Recordkeeping. The Rule requires ETFs to maintain all written agreements with Authorized Participants, as well as detailed records regarding baskets, including custom baskets, exchanged with Authorized Participants, generally for 5 years, the first two in an easily accessible place.

Reorganization, Merger, Conversion or Liquidation. The Rule removes a technical hurdle to the merger of funds into ETFs, where the acquiring ETF issues its shares to the target fund in exchange for the target fund’s assets. In such a transaction, the acquiring ETF would be issuing shares to an entity other than an Authorized Participant in even creation unit sizes. This would be inconsistent with the requirements of existing ETF exemptive relief and the general requirements of the Rule. However, under the Rule, on the day of consummation of a reorganization, merger, conversion or liquidation, the Rule would except ETFs from the requirements to transact only with Authorized Participants and in creation units.

Fund of Funds Exemptive Relief. Current ETF exemptive orders permit 1940 Act registered funds to invest in ETFs, subject to certain conditions, in excess of 1940 Act limitations. The Rule would not rescind this relief. Rather, the SEC states that it will rescind such relief in the event that it adopts another rule governing such “funds of funds” arrangements. New ETFs that rely on the Rule and do not receive funds of funds exemptive relief may nonetheless enter into fund of funds arrangements if they satisfy the conditions of recent ETF exemptive orders.

Prospectus and Other Disclosures

When does the Rule take effect?

The Rule will go effective 60 days after its publication in the Federal Register, which is when new ETFs will be able to rely on the Rule. Existing ETF exemptive orders for ETFs that are eligible to rely on the Rule will be rescinded one year after the effective date of the Rule. Existing ETFs will be able to rely on current exemptive order until that date. Likewise, the compliance date for Form amendments, including to Form N-1A and Form N-CEN, will be one year after the effective date. All ETFs eligible to rely on the Rule must meet the Rule’s conditions going forward.

If you have any questions or would like to discuss the new Rule, please feel free to contact any Sullivan lawyer with whom you regularly work or either of the lawyers listed below:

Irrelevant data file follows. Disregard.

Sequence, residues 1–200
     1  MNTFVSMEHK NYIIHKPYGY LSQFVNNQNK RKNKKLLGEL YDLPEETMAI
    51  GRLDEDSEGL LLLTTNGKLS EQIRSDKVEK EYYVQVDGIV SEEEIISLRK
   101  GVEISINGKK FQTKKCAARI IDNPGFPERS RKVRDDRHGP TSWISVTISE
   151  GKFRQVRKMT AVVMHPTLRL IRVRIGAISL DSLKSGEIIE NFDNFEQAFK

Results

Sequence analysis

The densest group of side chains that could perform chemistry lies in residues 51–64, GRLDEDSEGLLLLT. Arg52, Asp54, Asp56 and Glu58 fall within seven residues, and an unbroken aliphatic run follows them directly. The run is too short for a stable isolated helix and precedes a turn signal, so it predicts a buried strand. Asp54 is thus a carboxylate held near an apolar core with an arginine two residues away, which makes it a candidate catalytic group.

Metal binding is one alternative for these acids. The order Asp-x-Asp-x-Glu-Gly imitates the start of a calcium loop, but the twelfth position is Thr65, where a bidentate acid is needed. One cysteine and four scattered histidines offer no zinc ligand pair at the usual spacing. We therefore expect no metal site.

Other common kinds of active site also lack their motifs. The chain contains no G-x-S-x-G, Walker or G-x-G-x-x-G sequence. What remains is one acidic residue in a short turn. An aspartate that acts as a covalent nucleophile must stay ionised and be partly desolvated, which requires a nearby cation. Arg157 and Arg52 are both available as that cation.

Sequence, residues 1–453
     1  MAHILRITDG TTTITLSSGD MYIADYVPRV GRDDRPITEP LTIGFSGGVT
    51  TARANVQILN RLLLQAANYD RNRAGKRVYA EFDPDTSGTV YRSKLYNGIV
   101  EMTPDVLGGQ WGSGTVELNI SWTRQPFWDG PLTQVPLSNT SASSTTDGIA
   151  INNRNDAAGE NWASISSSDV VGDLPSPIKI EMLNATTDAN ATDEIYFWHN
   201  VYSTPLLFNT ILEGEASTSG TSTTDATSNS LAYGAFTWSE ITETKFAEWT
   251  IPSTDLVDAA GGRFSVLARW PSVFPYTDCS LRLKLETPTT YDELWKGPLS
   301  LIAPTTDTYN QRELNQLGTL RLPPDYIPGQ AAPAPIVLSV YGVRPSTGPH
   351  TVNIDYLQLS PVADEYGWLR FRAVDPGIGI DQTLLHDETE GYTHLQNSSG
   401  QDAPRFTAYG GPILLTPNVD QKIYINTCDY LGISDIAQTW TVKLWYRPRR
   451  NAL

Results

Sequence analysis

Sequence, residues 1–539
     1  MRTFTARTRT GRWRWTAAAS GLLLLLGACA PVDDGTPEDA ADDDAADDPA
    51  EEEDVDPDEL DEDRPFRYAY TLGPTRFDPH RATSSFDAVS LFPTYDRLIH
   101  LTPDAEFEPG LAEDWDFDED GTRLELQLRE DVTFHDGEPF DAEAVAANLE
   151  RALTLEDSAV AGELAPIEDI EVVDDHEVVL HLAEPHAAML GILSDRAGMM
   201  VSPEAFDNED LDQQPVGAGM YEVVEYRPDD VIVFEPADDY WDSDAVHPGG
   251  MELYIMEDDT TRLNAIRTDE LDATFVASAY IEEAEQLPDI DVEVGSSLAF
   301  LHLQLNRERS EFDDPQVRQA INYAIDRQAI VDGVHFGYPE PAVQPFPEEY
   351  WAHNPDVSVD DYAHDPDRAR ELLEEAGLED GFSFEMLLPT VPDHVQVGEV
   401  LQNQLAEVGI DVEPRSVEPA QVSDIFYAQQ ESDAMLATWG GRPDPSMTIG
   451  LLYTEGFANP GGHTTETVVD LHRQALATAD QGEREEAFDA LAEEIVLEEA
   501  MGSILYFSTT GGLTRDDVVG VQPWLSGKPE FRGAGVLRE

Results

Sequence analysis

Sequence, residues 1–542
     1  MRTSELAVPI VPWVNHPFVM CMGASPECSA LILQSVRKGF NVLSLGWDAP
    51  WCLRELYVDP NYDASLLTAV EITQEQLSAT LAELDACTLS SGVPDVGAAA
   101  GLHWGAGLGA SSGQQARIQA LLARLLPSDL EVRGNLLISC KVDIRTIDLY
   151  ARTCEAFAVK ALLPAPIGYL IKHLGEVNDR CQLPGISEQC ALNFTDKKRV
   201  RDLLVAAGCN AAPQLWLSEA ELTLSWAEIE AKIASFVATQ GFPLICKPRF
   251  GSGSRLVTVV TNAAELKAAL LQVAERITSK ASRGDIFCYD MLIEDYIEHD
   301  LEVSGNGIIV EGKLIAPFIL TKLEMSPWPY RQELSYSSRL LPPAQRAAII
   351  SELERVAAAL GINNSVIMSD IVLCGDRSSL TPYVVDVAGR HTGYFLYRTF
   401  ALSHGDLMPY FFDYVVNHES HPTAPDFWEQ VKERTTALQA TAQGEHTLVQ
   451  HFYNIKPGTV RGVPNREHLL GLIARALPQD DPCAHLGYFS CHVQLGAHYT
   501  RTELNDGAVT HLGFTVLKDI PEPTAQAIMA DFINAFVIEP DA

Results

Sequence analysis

Domenick Pugliese
212 660 3073


[1] See Final Rule: Exchange Traded Funds, SEC Rel. No. IC-33646 (Sept. 25, 2019), available at

[2] The Rule defines an ETF as an open-end fund that (i) issues (and redeems) standardized blocks of shares, called “creation units,” to (and from) large financial institutions, or “Authorized Participants,” in exchange for a basket of securities, other assets and a cash balancing amount and (ii) issues shares that are listed on a national securities exchange and trade at market-determined prices.

[3] While these specific “firewall” procedures are not an element of the Rule, the SEC is of the view that existing fiduciary and other legal requirements already provide a regulatory framework which governs advance communications between index providers and portfolio management. Advisers should work closely with their counsel to ensure that they have appropriate policies and procedures in this area.

[4] The Rule classifies ETF shares as “redeemable securities” and, thus, ETFs as open-end companies for purposes of the 1940 Act, as well as Regulation M and certain trading rules under the Securities Exchange Act of 1934, as amended (the “Exchange Act”). This relief is necessary in light of the fact that ETF shares are not individually redeemable. This classification relieves ETFs of their current need to rely on exemptive or no-action relief from applicable Exchange Act requirements.

[5] This relief is necessary because Section 22(d) of the 1940 Act prohibits investment companies, their principal underwriters, and dealers from selling a redeemable security to the public except at a current public offering price described in a fund’s prospectus. ETF shares are bought and sold on exchanges at market-determined prices, and not on the basis of the next calculated net asset value (“NAV”).

[6] The Rule provides relief from the 1940 Act provisions limiting affiliated transactions in order to permit the in-kind purchase and redemption of creation units by a person who is an affiliated person of the ETF (or who is an affiliated person of such a person) solely by reason of: (i) holding with the power to vote 5% or more of the ETF’s shares; or (ii) holding with the power to vote 5% or more of any investment company that is an affiliated person of the ETF. This exemption will have the effect of permitting an Authorized Participant or other market participant that becomes an affiliated person of an ETF due to its holdings to transact in an ETF’s shares, including to arbitrage the ETF’s shares, using an in-kind basket.

[7] The Rule allows in-kind redemptions of ETF shares to settle beyond the seven-day period generally permitted by the 1940 Act with respect to redemption proceeds consisting of securities that are “traded on a trading market outside of the U.S.” The redemption period may be extended for up to 15 days after the tender of the ETF shares. The Rule’s adopting release states that this would apply even if the foreign investment has a U.S.-traded equivalent security.

[8] If an ETF loses its listing on a national securities exchange, it will no longer be eligible to rely on the Rule and must therefore liquidate or convert to a traditional open-end fund (and meet individual redemption requests within seven days). The Rule’s adopting release clarifies that circumstances such as trading suspensions, trading halts, or temporary non-compliance notices from an exchange would not constitute a “delisting” for this purpose.

[9] The Rule requires disclosure, for each position, of the ticker symbol, CUSIP or other identifier, description of the holding, the quantity of each security and the percentage weight in the portfolio.

[10] Market price is defined as the official closing price for an ETF share or, if more accurate, the midpoint of the national best bid and best offer (“NBBO”) for the share at the time as of which the ETF calculates current NAV per share.

[11] Calculated using the NBBO.